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Boas: Boidae

Behavior And Reproduction

Boas frequently come out during the day to sunbathe, or bask, which warms their bodies. They are most active, however, at night. Some of their most interesting behaviors are seen in the ways they defend themselves. When threatened, many sand boa species roll the body into a ball with the head buried in the middle, and some of the short-tailed species poke out the tail to trick the attacker into thinking it is actually the head. The snake can survive a bite to the tail much better than a bite to the head. The Fiji Island boa flattens its head and neck much like a cobra, which makes the snake look bigger and may frighten off an attacker. Some of the larger boas hiss, strike, and bite when they feel threatened. They may also ooze a bad-smelling material from the vent area.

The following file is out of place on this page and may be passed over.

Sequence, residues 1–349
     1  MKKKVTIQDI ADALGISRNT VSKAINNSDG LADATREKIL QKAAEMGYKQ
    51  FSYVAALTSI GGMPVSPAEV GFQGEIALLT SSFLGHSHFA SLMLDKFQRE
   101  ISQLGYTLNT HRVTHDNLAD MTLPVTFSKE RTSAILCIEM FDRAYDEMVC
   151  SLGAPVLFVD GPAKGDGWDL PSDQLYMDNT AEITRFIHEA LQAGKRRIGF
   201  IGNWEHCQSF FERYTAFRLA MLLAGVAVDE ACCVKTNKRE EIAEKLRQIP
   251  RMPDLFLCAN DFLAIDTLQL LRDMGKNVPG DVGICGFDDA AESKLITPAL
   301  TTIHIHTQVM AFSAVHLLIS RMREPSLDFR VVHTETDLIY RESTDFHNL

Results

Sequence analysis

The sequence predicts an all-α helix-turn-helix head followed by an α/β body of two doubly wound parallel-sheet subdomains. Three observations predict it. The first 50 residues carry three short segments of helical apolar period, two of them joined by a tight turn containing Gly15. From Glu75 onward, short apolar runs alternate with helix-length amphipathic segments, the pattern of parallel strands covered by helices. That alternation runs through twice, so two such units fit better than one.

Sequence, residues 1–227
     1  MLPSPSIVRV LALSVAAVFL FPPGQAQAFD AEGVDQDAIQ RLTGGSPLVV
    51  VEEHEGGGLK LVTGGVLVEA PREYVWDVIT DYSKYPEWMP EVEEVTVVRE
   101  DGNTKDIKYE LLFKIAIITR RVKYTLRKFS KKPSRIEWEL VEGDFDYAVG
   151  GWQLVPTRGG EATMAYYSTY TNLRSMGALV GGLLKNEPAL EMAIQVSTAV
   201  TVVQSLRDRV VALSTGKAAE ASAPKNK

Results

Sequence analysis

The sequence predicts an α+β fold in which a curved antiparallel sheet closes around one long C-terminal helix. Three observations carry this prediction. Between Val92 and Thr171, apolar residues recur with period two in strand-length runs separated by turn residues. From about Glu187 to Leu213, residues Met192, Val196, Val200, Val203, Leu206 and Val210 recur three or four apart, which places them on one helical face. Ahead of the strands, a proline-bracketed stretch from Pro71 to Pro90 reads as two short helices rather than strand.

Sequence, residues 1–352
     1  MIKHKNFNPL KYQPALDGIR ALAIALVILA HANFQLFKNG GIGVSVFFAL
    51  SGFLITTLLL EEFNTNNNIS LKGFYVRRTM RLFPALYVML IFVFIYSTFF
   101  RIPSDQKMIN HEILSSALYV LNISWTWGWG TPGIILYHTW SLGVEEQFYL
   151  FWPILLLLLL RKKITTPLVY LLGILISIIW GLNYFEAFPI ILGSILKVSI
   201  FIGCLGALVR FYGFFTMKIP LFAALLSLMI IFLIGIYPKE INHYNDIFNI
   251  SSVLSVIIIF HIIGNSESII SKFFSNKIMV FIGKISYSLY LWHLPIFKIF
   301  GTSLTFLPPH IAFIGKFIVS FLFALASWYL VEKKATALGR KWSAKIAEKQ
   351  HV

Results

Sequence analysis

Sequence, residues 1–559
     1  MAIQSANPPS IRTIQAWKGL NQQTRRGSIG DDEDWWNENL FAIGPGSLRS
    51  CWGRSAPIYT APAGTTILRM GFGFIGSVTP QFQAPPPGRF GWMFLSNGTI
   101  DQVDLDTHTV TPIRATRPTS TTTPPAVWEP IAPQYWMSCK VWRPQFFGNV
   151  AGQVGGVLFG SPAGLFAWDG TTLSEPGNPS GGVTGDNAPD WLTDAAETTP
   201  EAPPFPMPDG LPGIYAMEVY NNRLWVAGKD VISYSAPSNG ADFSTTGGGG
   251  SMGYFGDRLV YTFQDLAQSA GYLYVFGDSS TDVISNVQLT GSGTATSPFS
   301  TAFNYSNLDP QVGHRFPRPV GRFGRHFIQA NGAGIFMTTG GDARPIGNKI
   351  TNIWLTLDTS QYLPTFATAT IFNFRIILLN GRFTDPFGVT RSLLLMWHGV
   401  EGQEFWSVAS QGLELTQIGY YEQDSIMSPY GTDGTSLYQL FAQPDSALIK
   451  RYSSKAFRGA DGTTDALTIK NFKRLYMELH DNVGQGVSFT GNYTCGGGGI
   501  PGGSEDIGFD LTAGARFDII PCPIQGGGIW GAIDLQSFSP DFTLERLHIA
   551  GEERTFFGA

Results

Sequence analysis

During breeding season, the males of some species wrestle over females, sometimes biting one another. In most species, the females give birth to baby snakes. A few, like the Calabar ground boa (sometimes mistakenly called a ground python, which confuses it with the python family), lay eggs.

Additional topics

Animal Life ResourceDinosaurs, Snakes, and Other ReptilesBoas: Boidae - Physical Characteristics, Diet, Behavior And Reproduction, Boas And People, Conservation Status, Boa Constrictor (boa Constrictor): Species Accounts - GEOGRAPHIC RANGE, HABITAT